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How to Write 100 Blog Posts

Write 100 Blog Posts

A few people were somewhat surprised and amazed that I had written over 100 blog posts in the lead up to my trip to Asia. And, they wanted to know how I did it. Here’s some principles behind my work method and tips for you to write and create your next 100 blog posts.

1 Start With Why

The first secret is not a secret. It’s the unavoidable truth that you just have to put the time in to get the results you want. When you’re clear about your motivation you’re more likely to create the energy to get things done.

Example: Recordings from our Webinar on Simon Sinek’s book Start With Why

2 Think Series

It’s way easier to write 10 blog posts than one. So, think in terms of a series of related posts. For example, what were the top ten books you read in 2011? There’s one blog post. Then write a post on each one of them. That’s eleven blog posts! Then write about the 10 books you are planning to read! Consider, 5 series of 10 blogs and you’re half way to 100.

Example: Top Ten Best Books for 2011

3 Review Reserves

Go back over the material you have created previously for other projects and see what is still relevant. In particular any published articles or ebooks you have written. If you’re lucky you may be able to repost it as it is or you may be easily able to modify it. I was lucky enough to have a complete Book Rapper issue that had not been published. This became 12 individual posts.

Example: Book Rapper Issue: Your Referral Trumpet

4 Promote Events

Some of my blog posts talk about the events I’m going to run in the near future. If one in ten blogs are promo items then you’re readers will probably be okay with this. Also, if you have run an event share what happened. This could be a written post, a recording of the event or the handout. When planning events always think of the blog posts that could promote it before and after. Sharing about it afterwards is also a great lead into your next event.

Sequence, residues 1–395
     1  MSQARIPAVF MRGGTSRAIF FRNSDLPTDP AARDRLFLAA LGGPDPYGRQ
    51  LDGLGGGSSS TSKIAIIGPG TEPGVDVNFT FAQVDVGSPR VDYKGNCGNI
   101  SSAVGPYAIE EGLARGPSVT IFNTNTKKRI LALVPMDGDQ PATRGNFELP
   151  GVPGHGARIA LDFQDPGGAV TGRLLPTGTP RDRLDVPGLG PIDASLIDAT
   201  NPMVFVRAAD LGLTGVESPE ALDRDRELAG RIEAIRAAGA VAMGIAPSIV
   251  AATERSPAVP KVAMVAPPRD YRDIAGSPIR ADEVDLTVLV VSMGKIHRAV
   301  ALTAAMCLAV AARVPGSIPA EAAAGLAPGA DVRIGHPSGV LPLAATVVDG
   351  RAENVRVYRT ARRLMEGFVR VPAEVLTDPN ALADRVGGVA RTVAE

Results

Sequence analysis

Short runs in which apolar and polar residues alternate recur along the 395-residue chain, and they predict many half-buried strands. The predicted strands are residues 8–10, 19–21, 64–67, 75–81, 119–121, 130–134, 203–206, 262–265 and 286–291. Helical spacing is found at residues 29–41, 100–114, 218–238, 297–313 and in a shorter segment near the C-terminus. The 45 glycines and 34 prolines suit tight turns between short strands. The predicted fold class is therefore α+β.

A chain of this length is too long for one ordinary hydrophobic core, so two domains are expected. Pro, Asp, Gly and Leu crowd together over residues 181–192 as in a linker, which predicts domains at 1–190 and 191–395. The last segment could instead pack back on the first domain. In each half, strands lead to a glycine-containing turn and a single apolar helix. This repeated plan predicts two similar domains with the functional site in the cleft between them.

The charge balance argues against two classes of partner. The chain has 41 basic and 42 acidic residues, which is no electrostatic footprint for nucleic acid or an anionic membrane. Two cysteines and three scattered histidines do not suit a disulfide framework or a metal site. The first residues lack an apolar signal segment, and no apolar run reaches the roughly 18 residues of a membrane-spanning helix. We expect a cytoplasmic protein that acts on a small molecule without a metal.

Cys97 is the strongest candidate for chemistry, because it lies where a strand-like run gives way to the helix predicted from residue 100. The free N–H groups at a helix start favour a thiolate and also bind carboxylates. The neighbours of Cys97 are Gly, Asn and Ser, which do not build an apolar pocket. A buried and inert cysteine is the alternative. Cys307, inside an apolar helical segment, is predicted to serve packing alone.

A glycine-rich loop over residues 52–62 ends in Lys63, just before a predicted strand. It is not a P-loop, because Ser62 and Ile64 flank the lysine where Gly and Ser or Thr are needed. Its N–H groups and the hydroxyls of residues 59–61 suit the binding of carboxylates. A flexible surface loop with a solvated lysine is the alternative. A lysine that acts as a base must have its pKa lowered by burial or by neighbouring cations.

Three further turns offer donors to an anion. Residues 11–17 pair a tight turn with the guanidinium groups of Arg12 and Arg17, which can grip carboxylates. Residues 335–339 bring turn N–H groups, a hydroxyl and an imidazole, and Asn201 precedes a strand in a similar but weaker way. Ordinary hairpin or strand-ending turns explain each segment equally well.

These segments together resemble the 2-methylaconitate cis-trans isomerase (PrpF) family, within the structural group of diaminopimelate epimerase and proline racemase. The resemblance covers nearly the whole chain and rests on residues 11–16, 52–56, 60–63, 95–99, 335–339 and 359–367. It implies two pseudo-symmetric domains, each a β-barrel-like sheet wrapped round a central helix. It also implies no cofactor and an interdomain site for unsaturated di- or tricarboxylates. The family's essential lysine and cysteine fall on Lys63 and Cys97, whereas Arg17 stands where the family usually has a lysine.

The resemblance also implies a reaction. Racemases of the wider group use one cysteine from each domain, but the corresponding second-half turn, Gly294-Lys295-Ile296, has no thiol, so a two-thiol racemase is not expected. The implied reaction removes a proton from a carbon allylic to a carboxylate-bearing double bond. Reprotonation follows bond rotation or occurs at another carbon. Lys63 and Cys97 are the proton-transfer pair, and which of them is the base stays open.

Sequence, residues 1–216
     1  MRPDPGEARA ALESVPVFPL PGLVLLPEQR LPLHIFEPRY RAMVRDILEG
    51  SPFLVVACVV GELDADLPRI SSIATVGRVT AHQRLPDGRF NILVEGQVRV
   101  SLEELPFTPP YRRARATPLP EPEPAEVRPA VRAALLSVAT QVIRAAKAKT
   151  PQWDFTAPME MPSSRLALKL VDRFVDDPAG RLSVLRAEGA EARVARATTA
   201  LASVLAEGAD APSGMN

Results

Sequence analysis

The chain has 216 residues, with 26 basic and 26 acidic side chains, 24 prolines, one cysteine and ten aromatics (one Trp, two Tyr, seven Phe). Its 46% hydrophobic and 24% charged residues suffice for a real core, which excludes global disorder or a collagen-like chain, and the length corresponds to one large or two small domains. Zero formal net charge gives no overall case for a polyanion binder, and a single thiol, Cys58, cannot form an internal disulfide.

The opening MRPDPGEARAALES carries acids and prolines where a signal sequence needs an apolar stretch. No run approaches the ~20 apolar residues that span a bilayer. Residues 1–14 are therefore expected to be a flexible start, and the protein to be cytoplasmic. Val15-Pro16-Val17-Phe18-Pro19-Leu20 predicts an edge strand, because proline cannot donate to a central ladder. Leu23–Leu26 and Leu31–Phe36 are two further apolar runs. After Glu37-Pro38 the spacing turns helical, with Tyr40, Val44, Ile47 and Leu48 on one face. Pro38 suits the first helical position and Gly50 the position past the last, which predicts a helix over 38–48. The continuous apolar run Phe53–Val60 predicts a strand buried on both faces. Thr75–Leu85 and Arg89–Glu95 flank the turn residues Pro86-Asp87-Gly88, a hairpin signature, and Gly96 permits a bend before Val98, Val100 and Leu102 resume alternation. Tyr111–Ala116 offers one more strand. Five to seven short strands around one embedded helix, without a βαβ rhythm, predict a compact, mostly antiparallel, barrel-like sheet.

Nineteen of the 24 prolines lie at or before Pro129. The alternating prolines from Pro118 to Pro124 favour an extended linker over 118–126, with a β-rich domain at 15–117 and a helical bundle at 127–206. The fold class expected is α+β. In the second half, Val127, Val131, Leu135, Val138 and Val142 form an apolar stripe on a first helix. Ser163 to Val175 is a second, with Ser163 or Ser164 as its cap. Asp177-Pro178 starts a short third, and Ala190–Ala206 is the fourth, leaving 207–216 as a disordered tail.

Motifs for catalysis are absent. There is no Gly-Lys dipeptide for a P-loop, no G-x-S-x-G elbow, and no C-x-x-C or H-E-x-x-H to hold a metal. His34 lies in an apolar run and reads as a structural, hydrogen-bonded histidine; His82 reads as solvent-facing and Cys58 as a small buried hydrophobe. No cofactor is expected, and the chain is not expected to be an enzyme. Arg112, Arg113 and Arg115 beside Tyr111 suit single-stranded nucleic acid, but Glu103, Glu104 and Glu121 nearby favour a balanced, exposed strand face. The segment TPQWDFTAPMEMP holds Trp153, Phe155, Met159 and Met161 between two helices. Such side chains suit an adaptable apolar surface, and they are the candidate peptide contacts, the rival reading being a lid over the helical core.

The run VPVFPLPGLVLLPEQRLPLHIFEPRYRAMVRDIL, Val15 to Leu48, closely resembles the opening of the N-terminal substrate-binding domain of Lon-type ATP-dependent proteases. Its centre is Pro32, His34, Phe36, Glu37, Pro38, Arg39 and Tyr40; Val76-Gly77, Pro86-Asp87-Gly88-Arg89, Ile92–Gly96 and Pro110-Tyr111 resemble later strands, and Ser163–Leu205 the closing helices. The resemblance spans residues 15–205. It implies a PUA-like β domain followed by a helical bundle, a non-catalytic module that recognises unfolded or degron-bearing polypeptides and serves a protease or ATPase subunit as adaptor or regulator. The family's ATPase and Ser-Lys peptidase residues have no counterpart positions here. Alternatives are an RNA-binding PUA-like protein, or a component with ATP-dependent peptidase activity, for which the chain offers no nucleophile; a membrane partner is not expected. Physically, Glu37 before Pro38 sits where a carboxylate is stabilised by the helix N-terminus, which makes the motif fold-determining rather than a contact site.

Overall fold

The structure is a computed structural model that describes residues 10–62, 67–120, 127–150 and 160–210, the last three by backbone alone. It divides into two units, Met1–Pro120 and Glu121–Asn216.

Example: Our first Ideas Lunch for 2012

5 Share Favourites

On Twitter there is a casual custom called ‘Follow Friday’. On Friday, you share some of the people you enjoy following. You can do a similar thing to create blog posts. Consider sharing your favourite bloggers, youtube videos, TED videos, slideshare presentations, etc. You don’t always have to be creating the content yourself to be of service to your readers. Being a curator of content is important. You might also like to highlight your own content. Create a list of your most popular posts or lists on particular themes.

Example: Simon Sinek’s TED Video on his book Start With Why

6 Create Multiple Versions

One of the great things about video is that you can slice and dice it into multiple formats. You have the video, you’ve got the visuals, you can strip out the audio and you can even transcribe the words. By sharing your message in multiple formats you can reach people who have different preferences. Some want to listen, some want to watch and some want to read. Also, consider how to create short or longer versions of your content. Twitter is short, an ebook is longer.

Example: Twit Rapper is our five minute tweet version of our Book Rapper issues. Here’s the Twit Rapper version of Tim Ferriss’ Four Hour Work Week.

7 Create Colourful Comments

The number one thing you need to be a successful blogger is to have an opinion. You don’t have to be the loudest, just selective. Simply sharing your favourites (Point 5) is one way to have an opinion. You’re saying: “I think this is cool.” You can take this further by commenting about other people’s blog posts, newspaper articles and the like. Writing reviews of books or artwork or products works too. For me, Book Rapper is my book summary of some one else’s content. It’s a way to share my opinion by commenting on other people’s work.

Example: Book Rapper Review: The Referral Engine

 

Love to hear your thoughts about how you create your content and write your blog posts.

PS: If you posted twice a week, 100 posts would almost last an entire year. Remember, I was the one who said I wanted to post everyday. It’s up to you how often you post.

 

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